Treatment of vascular conditions can delay or prevent Alzheimer's onset

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Seniors with memory and cognitive impairments who are treated for other conditions that impact blood flow to the brain — such as high cholesterol, high blood pressure and diabetes — might be able to halt development of full-blown Alzheimer's and dementia, a new study finds.
 
Chinese researchers studied a group of 837 hospital patients, all of who had mild cognitive difficulties that had not progressed to dementia. Out of those, 414 had at least one vascular condition, such as high cholesterol. Half of that group developed dementia over a five-year period, making them twice as likely to have Alzheimer's-like symptoms as those in the other group. Patients who were treated for their vascular problems were 40% less likely to develop Alzheimer's than those who were not treated.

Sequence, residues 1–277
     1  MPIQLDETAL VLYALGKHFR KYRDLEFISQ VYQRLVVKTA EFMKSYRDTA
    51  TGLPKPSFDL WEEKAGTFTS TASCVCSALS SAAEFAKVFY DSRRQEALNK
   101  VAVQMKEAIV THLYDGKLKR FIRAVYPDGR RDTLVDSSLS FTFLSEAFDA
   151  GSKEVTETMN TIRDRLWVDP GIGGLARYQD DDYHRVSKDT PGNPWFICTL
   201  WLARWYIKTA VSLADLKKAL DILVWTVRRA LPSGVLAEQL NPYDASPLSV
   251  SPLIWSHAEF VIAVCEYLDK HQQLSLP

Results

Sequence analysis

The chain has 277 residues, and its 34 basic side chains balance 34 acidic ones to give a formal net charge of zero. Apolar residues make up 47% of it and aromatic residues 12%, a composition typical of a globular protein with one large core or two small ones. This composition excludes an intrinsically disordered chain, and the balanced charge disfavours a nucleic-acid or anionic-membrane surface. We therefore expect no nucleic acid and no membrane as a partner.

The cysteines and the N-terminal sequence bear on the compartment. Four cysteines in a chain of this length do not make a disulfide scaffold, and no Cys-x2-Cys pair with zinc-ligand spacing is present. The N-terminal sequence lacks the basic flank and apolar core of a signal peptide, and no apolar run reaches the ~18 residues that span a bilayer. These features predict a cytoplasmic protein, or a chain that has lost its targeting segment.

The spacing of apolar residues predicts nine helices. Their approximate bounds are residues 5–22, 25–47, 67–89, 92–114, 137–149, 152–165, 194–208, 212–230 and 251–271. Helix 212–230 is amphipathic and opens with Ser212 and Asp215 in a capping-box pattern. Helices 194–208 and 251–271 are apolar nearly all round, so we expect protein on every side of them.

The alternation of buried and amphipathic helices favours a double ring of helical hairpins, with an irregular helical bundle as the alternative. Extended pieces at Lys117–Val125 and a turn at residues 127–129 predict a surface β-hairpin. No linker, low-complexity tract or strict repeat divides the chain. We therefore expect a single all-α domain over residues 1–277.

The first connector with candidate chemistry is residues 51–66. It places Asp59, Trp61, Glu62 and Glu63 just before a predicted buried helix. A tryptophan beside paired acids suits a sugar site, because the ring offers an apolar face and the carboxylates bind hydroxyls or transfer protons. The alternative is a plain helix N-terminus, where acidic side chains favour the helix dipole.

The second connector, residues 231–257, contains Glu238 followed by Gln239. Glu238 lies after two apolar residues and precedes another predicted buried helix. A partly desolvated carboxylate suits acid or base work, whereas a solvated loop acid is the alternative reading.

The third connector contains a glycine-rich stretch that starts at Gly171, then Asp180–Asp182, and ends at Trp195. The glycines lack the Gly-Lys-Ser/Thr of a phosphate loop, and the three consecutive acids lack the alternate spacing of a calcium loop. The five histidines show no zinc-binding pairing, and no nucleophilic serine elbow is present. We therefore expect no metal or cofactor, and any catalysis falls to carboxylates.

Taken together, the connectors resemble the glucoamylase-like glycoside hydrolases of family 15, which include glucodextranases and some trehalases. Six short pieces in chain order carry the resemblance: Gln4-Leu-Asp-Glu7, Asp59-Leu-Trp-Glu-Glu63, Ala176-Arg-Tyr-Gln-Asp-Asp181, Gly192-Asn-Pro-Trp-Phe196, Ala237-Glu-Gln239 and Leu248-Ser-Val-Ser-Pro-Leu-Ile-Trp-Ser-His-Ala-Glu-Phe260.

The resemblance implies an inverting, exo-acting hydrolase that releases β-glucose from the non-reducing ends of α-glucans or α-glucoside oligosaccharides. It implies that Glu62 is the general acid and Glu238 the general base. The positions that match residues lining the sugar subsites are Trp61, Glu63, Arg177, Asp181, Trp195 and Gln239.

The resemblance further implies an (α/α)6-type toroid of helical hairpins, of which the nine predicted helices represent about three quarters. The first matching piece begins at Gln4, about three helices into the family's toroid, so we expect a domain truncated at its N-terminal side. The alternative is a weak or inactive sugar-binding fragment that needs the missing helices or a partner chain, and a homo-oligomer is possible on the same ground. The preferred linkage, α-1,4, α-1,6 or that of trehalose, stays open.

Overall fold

A possible explanation for this, researchers suggest, is that vascular impairments affect the production of beta-amyloid plaque, a substance that is found in the brains of those with Alzheimer's. This study was published recently in the journal Neurology.
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